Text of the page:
Staying in the black – facing the Budget

Staying in the black – facing the Budget

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The Spring Budget has been a hot topic amongst my female friends – many of whom are from black and minority ethnic (BME) backgrounds.

Overall, women worry that the Budget impacts disproportionately on them, but this is not the conversation I’ve found myself having with my BME female friends, who are optimistic and determined to take charge of their own budgets.

The Spring Budget was well-received by most of my female colleagues, including those from BME backgrounds. Personal tax allowances – currently £11,000 – will increase to £11,500, and rise to £12,500 by 2020-2. The higher tax threshold will increase from £43,000 to £45,000.

Those among us who freelance breathed a sigh of relief that the announced increase in National Insurance tax contributions for self-employed people would now not occur. This would have been challenging to entrepreneurs, freelancers and self-employed people. Many start-up businesses are run by women, who test the water by starting small, before becoming self-employed.

As women of a certain age, we are all savers, looking for a good return on our investments – and most of us have one eye on the stock market. Here we were, talking about shares and ISAs. How different from our carefree twenties.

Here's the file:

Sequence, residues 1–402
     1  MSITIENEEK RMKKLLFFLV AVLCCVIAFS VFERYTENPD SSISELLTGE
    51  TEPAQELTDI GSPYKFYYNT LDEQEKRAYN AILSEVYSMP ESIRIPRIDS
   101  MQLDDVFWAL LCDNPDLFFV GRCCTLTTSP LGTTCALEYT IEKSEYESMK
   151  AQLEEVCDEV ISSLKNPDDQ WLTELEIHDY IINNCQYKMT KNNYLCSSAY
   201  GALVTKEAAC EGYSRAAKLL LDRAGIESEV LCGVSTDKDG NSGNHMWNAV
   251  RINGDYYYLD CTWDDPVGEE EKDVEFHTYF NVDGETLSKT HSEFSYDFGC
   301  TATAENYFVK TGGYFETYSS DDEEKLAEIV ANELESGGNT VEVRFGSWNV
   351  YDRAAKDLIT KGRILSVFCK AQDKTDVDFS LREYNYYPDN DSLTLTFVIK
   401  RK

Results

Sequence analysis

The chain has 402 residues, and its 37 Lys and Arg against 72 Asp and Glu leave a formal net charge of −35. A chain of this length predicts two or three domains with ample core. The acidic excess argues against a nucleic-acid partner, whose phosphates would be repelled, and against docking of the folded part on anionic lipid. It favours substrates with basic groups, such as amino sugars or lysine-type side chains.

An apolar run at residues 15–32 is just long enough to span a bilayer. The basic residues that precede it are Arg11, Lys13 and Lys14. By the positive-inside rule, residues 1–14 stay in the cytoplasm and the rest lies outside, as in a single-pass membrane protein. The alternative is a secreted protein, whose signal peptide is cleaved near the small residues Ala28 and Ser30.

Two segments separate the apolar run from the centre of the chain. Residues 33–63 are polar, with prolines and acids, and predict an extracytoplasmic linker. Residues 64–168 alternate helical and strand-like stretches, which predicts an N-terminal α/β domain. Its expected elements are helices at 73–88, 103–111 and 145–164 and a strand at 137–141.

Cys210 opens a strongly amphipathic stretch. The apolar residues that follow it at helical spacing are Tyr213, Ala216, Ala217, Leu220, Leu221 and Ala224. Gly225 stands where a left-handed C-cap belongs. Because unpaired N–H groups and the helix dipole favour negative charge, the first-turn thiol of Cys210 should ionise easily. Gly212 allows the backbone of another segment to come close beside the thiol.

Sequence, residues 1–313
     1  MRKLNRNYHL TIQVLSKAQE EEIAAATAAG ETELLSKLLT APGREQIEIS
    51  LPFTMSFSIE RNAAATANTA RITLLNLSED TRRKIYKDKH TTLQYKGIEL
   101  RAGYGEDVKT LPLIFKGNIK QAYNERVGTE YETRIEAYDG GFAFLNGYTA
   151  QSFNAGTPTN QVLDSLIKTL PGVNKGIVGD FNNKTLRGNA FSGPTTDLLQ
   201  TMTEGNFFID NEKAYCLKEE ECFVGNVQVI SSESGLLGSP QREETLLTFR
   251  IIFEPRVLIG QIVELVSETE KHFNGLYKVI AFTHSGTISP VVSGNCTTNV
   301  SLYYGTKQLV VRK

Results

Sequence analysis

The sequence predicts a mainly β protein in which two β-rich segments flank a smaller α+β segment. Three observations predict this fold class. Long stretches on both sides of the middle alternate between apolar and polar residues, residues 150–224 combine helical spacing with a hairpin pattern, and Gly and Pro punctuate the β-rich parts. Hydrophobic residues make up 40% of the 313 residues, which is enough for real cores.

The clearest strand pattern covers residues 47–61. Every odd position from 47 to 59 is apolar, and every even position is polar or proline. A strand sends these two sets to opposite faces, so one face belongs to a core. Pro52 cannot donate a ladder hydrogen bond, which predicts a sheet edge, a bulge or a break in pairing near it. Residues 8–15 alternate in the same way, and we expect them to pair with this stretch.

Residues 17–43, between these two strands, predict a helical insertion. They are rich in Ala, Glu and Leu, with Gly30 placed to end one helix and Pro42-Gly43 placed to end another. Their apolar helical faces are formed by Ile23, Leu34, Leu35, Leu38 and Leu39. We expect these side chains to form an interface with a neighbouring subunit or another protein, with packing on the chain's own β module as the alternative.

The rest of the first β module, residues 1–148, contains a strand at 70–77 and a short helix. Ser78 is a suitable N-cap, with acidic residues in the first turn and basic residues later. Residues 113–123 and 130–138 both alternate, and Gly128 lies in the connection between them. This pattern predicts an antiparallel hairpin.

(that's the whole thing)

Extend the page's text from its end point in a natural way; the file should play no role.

The launch of the Lifetime Individual Saving Account (Lifetime ISA), for those aged between 18 and 40 certainly caught our imaginations, since we were impressed to hear that the government would add a 25 per cent bonus to help savers buy a home, or add to a pension.

This would help BME members, and those in poorer working class communities. It could also take the pressure off our middle-class friends who normally act as managers of the bank of mum and dad.

In my experience, growing up in a BME Asian family in a working-class, largely white neighbourhood, the friends I grew up with are hard-working, proud people. They do not sit and complain, or blame the government, the budget or anyone else for what may or may not be their reality.

The BME women I know are some of the strongest females in my circle of friends –  mentally robust, with a positive ‘can do’ attitude that never ceases to amaze and inspire me.

As friends pointed out, it’s about taking control. Make your life the best it can be, without sinking into victimhood. So, we looked for the positives that came out of the budget: how it would help us as individuals, as families and in the general community.

For instance, we were pleased that anyone over 16 could invest in the new NS&I Investment Bonds, subject to a minimum investment of £100 and a maximum limit of £3,000 that savers must lock in for three years. This won overall support from my ladies around the table.

We agree that we can’t blame the government, the Budget, or Society. We take personal responsibility for our finances, and make our own choices about our lives.

We are strong women. The consensus is that we take our own budgetary control. We don’t allow the Budget to control us.


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About the author

Dawn-Maria France is an award-winning and accomplished journalist and the editor-in-chief of Yorkshire Women’s Life, now in its 15th year.

She is passionate about women’s rights, equality and diversity and has written opinion features for the Huffington Post about equality, women and mental health and women’s portrayal in the media.  


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